'Echo' carries new sails, jib and gaff main and mizzen with the jib being fractionally larger than the designer indicated and some roach is built into both main and mizzen. The Alexandrina Waterways can throw a fair breeze and did so over the Regatta Week of sailing trials. Only occasionally could I use full sail which when single handing, ( which I do most of the time)  the reefed main and full mizzen and jib was fine but on the wind was often overpowered. Furling the jib allowed a more sedate progress but pointing high with out the power boost of the jib led to pinching and the main being back-winded. Bearing away lost about 5 – 8 degrees but the forward motion was better. I suspect the centre plate needs more lead as I think the balance point between weight and buoyancy is not bringing the board down to the designed depth. I sailed with crew in wind gusting 18 to 20 knots using just the jib and mizzen. It was fun, but with crew weight up front and the short steep waves that freshwater produces caused her to take water blown back over the foredeck. The crew claimed she absorbed most of this. Could be as little water actually came aboard and when sailing single handed I have found her a completely dry boat as she is with two up when not pushed in heavy weather.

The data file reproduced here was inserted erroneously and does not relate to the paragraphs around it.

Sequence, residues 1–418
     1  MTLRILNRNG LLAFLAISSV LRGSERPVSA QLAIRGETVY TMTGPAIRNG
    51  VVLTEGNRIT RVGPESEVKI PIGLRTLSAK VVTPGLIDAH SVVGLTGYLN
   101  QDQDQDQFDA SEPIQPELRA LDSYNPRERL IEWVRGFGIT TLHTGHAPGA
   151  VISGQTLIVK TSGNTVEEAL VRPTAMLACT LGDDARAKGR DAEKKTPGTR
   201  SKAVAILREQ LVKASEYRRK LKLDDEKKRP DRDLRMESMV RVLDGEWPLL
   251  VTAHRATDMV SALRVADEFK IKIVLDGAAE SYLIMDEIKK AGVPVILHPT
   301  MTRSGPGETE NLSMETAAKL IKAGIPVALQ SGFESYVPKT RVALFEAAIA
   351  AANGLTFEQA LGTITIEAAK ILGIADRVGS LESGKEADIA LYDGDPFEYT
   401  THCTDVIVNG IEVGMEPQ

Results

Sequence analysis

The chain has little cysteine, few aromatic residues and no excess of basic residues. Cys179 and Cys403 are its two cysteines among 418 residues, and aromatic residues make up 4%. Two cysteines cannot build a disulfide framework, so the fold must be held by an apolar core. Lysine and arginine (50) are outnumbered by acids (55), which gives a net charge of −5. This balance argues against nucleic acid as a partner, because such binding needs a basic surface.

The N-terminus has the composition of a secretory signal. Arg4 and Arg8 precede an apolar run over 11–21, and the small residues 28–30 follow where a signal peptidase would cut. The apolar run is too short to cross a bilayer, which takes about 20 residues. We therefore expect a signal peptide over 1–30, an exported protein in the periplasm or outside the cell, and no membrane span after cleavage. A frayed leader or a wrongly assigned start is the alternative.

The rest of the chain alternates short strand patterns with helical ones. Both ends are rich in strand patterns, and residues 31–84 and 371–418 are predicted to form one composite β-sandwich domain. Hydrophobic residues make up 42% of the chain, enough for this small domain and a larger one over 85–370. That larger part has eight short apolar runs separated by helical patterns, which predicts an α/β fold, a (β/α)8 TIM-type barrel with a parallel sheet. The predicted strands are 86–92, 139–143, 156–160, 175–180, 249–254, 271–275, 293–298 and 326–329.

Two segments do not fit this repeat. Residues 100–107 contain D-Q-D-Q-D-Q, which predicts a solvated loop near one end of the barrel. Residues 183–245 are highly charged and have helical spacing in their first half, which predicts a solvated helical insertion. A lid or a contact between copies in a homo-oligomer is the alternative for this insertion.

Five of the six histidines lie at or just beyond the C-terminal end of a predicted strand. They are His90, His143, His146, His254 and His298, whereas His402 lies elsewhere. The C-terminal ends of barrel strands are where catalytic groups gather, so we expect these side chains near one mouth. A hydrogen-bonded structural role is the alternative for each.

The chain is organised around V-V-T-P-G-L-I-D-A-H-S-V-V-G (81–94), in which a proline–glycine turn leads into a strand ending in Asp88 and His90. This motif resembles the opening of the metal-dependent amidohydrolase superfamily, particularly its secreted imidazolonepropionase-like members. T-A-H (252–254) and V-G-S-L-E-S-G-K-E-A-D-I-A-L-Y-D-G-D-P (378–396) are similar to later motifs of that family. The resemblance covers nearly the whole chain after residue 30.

I do not know what others think defines a 'seaworthy' craft but I suggest when you talk canoe yawl, you should be taking into account the seaworthiness of the sailors.Wink  I would recommend the 'Lillie' design as seaworthy in the hands of an experienced sailor and I have noticed in the few weeks I have been sailing her, that getting the most out of the yawl rig will require a little practice in varying wind and water conditions. On a quartering breeze of about 10 -12 knots she felt very close to getting on the plane. The quiet progress of the double ended hull is deceptive when judging speed. I will get the GPS and wins speed device onto it so i can give a little more impirical data.

However the fun and satisfaction meters red line most of the time we are on the water, even in a drifter.